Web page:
ZF: After the creative, our second question is: how do you see this reaching an audience? Some of the shows that have performed best for us have been ones where, from the very first pitch, we knew the team behind it knew there was white space their show could fill in – that there was an audience that was hungry for this type of show.

PB: How does CBC support its digital series with marketing?
ZF: The main tools we have at our disposal are the CBC Comedy feed, where we already have an engaged audience and can push original content out to viewers, and other marketing availability for either online, or potentially on-air ad inventory.

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PB: You mentioned earlier that the landscape for digital series was quickly changing – could you talk about how that impacts CBC and the producers you work with?
ZF: Around the time I started at CBC [in 2015], we co-commissioned The Amazing Gayl Pile (pictured left) in partnership with [NBCUniversal's OTT platform] Seeso. Unfortunately, Seeso was around for about 18 months before NBCU pulled it. Then things popped up like Verizon’s Go90 and Vivendi’s Studio+, which were a home for things outside the traditional broadcast formats. Those also went away, but then [Jeffrey Katzenberg's] Quibi popped up, and Victor on the blockchain side. So, there’s still a lot of activity happening here, it’s just ever-changing.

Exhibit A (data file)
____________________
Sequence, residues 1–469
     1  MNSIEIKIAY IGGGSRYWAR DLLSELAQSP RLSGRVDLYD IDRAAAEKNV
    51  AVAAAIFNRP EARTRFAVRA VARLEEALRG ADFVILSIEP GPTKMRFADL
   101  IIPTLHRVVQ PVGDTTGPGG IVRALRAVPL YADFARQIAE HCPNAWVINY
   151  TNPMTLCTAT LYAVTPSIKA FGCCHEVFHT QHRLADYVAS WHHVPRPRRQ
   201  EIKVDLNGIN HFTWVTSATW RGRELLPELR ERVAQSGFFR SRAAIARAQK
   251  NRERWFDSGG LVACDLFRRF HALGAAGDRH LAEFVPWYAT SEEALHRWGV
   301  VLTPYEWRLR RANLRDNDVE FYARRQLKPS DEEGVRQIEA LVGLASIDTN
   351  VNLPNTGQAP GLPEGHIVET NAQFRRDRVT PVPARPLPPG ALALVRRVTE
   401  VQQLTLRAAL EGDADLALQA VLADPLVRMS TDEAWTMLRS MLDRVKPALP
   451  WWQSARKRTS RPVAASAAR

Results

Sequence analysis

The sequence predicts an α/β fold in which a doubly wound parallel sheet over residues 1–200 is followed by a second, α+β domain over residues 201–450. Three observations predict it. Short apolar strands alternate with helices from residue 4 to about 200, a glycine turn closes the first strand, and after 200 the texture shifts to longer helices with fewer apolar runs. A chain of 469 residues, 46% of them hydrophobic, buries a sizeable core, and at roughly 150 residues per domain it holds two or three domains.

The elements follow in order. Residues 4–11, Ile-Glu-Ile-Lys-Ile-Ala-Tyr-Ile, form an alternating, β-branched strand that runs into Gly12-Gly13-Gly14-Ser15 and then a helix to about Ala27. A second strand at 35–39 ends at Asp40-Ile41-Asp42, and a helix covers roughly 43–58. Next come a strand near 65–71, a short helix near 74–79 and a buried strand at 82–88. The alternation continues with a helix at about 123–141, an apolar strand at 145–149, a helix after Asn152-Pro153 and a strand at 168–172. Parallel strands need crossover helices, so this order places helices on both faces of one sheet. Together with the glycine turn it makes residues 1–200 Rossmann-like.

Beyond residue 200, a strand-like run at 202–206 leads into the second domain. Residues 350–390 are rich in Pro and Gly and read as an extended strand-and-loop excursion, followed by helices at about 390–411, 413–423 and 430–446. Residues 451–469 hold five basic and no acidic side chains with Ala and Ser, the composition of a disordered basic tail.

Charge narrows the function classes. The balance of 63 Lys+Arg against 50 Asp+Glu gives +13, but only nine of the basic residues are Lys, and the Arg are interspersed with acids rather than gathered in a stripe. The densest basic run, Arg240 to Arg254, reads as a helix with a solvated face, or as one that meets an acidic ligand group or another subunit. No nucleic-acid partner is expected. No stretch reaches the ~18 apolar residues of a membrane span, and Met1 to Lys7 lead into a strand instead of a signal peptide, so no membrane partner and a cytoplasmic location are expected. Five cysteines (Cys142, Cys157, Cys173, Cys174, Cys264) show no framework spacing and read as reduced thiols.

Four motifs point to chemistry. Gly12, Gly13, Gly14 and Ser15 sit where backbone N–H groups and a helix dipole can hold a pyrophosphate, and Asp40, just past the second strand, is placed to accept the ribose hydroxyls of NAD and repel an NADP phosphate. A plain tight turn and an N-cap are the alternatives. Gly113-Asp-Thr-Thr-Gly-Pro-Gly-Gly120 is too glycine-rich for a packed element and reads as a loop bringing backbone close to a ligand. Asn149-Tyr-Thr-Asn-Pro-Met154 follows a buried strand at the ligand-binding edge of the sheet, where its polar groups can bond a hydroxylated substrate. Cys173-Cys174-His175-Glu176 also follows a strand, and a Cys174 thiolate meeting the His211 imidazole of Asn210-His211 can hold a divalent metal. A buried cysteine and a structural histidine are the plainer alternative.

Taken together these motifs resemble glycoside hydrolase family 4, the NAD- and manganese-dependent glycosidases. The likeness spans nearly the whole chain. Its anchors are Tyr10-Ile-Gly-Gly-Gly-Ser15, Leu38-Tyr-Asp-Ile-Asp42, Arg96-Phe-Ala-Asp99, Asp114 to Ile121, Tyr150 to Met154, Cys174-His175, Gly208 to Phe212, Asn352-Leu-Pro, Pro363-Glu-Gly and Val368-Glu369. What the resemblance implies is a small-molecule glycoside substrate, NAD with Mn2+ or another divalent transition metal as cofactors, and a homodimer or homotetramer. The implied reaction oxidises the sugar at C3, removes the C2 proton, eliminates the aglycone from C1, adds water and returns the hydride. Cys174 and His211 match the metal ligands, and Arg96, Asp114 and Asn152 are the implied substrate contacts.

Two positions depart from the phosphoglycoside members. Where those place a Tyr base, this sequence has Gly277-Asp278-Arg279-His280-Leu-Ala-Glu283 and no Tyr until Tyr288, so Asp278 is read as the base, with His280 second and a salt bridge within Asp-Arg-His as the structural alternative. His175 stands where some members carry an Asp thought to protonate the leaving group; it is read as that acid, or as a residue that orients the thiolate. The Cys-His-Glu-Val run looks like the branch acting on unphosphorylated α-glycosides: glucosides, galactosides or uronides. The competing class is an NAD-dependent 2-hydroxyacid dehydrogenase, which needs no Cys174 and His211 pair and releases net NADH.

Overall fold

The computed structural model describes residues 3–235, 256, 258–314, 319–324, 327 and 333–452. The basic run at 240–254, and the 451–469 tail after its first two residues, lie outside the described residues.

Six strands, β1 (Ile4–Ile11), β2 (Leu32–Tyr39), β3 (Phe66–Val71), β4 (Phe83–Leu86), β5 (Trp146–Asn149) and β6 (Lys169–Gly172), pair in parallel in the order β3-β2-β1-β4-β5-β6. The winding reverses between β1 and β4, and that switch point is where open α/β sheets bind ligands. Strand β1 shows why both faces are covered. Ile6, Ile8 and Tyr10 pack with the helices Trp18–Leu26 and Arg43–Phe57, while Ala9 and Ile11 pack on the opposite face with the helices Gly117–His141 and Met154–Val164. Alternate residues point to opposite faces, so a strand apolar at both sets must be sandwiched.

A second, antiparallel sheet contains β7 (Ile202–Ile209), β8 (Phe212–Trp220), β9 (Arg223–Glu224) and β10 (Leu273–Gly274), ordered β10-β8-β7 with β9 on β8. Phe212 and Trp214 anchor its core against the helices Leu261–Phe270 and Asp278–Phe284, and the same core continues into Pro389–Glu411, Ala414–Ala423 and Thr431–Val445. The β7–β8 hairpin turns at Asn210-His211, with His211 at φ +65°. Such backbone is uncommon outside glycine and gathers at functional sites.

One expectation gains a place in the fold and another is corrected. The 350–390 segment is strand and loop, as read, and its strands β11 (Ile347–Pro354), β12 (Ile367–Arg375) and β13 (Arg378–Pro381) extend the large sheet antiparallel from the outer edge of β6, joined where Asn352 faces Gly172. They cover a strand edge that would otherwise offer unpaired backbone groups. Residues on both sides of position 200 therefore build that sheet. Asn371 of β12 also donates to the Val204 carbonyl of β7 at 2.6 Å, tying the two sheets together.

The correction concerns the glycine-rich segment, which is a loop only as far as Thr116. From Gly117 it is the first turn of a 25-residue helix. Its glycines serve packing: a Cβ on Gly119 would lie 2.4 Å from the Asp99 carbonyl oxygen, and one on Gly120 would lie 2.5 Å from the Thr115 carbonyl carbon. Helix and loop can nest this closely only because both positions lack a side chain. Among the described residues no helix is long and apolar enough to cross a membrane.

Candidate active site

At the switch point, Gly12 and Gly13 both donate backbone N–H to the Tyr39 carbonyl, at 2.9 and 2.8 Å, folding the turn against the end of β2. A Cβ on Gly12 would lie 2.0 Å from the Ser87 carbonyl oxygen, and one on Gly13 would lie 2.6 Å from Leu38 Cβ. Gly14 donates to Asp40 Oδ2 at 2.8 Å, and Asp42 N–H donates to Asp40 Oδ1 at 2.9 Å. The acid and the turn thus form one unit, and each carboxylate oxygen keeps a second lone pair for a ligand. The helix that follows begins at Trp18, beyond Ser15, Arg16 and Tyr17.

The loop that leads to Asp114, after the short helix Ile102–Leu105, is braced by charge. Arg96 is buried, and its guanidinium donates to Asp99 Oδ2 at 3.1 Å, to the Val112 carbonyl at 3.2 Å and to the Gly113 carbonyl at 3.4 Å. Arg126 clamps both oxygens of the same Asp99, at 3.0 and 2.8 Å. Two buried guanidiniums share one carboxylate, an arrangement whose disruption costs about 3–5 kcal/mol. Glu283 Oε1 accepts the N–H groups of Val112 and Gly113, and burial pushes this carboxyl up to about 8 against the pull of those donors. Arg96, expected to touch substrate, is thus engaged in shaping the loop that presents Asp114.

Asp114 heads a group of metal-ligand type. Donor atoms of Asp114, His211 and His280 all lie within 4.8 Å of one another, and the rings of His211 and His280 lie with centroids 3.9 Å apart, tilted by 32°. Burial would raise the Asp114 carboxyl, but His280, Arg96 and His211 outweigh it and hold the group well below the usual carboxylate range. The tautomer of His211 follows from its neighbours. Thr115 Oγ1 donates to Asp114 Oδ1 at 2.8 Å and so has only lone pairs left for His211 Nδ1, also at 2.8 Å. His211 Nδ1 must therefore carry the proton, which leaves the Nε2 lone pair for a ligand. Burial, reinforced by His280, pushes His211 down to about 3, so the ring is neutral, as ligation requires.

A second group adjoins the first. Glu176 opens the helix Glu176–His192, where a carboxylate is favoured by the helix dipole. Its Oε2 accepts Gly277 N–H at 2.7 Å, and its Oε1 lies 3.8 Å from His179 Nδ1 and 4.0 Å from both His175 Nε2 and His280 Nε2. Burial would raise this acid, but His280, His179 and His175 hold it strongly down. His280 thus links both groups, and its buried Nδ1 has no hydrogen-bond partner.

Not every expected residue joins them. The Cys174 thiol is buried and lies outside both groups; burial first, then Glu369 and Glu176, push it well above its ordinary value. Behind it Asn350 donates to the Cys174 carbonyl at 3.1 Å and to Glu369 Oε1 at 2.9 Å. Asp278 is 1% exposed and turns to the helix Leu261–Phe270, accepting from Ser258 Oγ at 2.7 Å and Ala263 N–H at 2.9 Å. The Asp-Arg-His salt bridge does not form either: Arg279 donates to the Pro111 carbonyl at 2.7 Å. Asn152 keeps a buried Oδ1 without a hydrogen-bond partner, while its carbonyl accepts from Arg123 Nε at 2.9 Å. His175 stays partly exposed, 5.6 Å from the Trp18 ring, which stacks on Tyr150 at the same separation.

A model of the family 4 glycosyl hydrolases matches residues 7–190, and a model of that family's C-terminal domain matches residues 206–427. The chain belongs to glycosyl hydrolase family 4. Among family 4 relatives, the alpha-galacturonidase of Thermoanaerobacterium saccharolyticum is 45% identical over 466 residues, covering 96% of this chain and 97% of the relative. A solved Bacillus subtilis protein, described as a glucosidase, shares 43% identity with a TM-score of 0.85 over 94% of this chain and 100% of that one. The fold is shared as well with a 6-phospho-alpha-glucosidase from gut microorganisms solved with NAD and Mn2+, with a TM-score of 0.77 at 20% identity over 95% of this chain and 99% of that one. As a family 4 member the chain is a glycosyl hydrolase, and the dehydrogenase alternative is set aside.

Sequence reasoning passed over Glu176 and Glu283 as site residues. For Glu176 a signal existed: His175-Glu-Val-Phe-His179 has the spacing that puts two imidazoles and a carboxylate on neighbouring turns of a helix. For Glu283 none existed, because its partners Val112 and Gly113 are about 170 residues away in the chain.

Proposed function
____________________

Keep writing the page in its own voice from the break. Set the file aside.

If you look closely at Netflix and other streamers, it’s also part of their mix. They don’t make a lot of hay about it, but there are things that are short-form, or different formats mixed in there among the programming. We’re always looking at that, particularly from a partnership standpoint, to see who’s doing things that might be compatible with us. VRV in the U.S. is interesting, and CW Seed too, so there are a few. As a producer, even from a development standpoint, it’s so important to understand the landscape when considering the sorts of projects you’re taking on, and the way that you take them to market.

PB: Is co-commissioning an important strategy for you?
ZF: Very much so. When both CBC and an international partner fall in love with a Canadian project, and the partner is happy to carve out Canadian rights, nothing could be better. The resources are greater, you have two happy streamers that get a show they love and can promote in their respective territories. We’re very much open for business on that front.

PB: As the digital space becomes more sophisticated, is development becoming more of a priority?
ZF: It is. For us, it’s almost always part of our process now. When we first started, it wasn’t. We initially thought: ‘This is about taking risks, trying things – why slow it down? We don’t want to be part of the traditional process.’ But there are reasons why some of those processes are in place. And, in fact, because of the cadence of the funding deadlines in Canada, having a development process that lined up well with those funds became very useful to us.

This story appears in the Spring 2019 issue of Playback magazine